The Sampson County Board of Commissioners will meet in a three-day planning session in February, an annual designation on the county calendar utilized to discuss anticipated budget issues, big line items and future projects — as well as accompanying expenses and anticipated revenues — leading up to another budget season.
In recent years, the board has held the planning session to set goals and objectives for the upcoming budget deliberations, and the subsequent approval of the budget. Last year, the board set aside three full days, Tuesday through Thursday, starting at 8 a.m. each day. Those sessions were held during the third full week in February.
This year, it is slated to be held just a week earlier, starting on Monday, Feb. 11, and extending through Wednesday, Feb. 13. The first session will start at 8:30 a.m. Feb. 11, to be recessed before reconvening the next day.
While three days in length, the session will include two days of a full agenda of topics, with the third day anticipated to be a spill-over, half-day session to finish any discussion on topics or cover any other subject the commissioners still wish to address, county manager Ed Causey said.
“This is something that tradition has (the Board of Commissioners) doing every year,” said Causey. “It is something that staff values in giving insight for budget preparations.”
The session, which is open to the public but has regularly been attended mainly by county department heads and employees, will be held in the conference room of the County Administration Building.
County managerial staff is still working to formalize the agenda, although the tax rate, a constant focus, is expected to be discussed, as is employee pay and overall county operations broken down by department.
Past agendas have included reports from finance officer David Clack, as well as a continual discussion of “budget drivers,” future capital projects and other line items that have a significant impact on the fiscal plan. Department heads and other county officials, as they have in previous years, are expected to give presentations on the state of their departments, as well as share concerns and requests for the upcoming budget.
The planning session is often a good indicator of what issues will be affecting the county over the following months, and years, as the majority of the topics receiving attention during the February session in the last couple years have ultimately been at the heart of budget deliberations in May and June. That was particularly the case for the current budget, which reflects a lot of what was initially talked about last February.
The current budget includes, among other items, the establishment of capital reserve facility maintenance accounts and raises for employees along a tenure scale, a pay bump that was approved in July (following an interim budget adoption and subsequent final budget approval) and implemented this month. The tax rate is currently 78.5 cents per $100 valuation of taxable property.
A reduction in Sampson County Sheriff’s Office replacement cars from 12 to 10, and the hiring of an administrative staff position, at a salary of $26,000, effective this month, were also approved in the current budget.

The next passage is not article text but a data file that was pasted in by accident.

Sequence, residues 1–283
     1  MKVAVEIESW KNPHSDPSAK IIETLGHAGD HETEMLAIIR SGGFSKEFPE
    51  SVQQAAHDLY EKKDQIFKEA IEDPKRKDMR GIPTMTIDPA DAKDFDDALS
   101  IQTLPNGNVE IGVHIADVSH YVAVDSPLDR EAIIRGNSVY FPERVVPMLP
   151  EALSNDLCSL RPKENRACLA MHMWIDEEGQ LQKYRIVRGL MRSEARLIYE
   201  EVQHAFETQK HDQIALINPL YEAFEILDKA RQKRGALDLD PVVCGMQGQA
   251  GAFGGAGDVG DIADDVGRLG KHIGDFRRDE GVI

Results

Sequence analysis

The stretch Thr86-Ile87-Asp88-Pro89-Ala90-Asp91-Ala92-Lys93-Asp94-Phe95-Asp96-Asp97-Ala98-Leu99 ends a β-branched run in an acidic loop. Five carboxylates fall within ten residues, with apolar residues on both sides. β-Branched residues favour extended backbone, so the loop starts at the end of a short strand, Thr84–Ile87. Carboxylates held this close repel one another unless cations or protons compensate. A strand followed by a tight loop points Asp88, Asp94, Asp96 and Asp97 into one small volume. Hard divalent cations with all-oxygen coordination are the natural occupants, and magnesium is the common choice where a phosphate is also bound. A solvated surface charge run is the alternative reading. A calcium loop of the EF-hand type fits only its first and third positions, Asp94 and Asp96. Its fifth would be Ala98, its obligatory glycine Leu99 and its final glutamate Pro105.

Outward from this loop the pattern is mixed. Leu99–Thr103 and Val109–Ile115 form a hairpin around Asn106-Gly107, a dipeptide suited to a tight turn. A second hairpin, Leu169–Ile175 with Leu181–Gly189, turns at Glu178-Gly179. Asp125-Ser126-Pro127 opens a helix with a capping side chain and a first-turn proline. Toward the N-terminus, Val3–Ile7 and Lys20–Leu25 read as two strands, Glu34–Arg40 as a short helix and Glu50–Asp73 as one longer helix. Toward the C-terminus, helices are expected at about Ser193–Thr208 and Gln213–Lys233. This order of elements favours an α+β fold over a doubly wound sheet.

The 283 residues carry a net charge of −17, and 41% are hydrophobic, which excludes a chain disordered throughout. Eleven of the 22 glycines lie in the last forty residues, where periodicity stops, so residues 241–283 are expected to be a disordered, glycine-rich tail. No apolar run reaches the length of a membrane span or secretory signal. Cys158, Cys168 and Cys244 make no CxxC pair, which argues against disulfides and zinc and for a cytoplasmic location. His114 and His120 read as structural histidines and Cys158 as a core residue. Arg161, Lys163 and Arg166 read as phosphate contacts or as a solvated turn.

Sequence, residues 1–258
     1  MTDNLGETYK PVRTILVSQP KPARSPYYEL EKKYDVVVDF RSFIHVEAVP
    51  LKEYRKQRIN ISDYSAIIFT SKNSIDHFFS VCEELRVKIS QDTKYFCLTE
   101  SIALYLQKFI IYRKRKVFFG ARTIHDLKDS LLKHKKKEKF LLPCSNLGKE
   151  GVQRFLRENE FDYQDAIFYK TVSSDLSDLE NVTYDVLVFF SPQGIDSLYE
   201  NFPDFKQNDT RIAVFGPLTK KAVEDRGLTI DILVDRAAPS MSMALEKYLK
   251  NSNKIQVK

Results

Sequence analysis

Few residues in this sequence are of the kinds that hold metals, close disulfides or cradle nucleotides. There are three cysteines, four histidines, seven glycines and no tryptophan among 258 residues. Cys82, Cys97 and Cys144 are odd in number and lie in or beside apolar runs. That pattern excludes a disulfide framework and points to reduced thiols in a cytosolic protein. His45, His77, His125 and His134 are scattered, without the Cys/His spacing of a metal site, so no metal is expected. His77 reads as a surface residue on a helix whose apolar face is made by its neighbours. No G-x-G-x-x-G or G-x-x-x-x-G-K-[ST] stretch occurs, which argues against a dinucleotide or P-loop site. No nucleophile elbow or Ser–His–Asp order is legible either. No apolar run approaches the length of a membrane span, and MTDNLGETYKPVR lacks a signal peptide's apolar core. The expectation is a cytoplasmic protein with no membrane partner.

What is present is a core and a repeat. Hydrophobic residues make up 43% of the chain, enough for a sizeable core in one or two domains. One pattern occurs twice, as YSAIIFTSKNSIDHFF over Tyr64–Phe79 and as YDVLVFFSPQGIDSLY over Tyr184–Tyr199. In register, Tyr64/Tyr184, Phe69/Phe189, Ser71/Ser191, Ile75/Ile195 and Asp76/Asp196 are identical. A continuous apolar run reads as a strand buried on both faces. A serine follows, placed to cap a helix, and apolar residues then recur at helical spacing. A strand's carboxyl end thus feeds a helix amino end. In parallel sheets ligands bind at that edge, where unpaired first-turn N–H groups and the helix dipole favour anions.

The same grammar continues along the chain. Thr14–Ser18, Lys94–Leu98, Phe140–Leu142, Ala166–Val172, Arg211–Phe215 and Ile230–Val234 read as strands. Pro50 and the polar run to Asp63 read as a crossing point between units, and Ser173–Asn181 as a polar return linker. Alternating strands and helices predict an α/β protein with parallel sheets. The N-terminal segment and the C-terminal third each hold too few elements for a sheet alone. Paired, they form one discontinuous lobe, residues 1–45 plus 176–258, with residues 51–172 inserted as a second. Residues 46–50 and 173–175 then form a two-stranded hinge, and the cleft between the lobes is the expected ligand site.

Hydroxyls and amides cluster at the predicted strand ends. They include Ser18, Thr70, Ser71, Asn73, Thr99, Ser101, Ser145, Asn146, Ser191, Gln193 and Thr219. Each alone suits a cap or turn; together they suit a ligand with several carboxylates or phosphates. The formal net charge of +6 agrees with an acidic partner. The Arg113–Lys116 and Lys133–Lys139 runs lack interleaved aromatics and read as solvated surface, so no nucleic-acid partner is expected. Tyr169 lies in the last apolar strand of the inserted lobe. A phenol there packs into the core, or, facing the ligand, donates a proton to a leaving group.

Each one of the topics, from the capital reserve accounts to the tax rate, vehicles to personnel, were discussed during last February’s planning session. And some are expected to see continued discussion.
Additional personnel has often been a point of planning session talk.
In addition to the hiring of an administrative staff position, the county approved funding six additional rescue personnel for Sampson County EMS last April, an answer to a declining number of volunteers to respond to medical needs that local emergency officials said were not slowing down. That approval came after the dire need was addressed, and the request made, by EMS director Ronald Bass at the February planning session.
An additional three positions — Bass initially requested the nine total — were OK’d as part of the final budget approval in July.
One particular item that is expected to be addressed during this year’s planning session will be the salary hike, which just took effect. Its continued inclusion would have to be approved by commissioners.
The raise gave employees a 1 percent hike for those with less than five years experience; 1.5 percent to those with less than 10; 2 percent to those with less than 15 years; and 2.5 percent to those with more than 15 years of service. Implementing the bump effective this month meant the proposed expense was cut in half to $121,610 for the current budget.
That full amount, $243,220, would have to be approved to keep the same raises in effect for the next fiscal year.
Debt service also looms over the next budget year, which along with the tax rate, was a point of contention that split the board into a 2-2 deadlock and led to an interim budget adoption last June before former commissioner John Blanton broke the tie the following month. At that time, commissioner Albert Kirby, who voted against the 2012-13 budget along with commissioner Jarvis McLamb (they also dissented over the 2011-12 plan) alluded to some of the issues the commissioners would be facing in the 2013-14 budget.
“Spending in this (2012-13) budget is such that it is going to cause a tax increase next year,” Kirby said then. “Next year, if you vote for this budget, we’re going to be sitting here having to raise taxes because Roseboro (Elementary debt) is coming online with $700,000 you have to make up. You can’t have your cake and eat it too.”
Chris Berendt can be reached at 910-592-8137 ext. 121 or via email at firstname.lastname@example.org.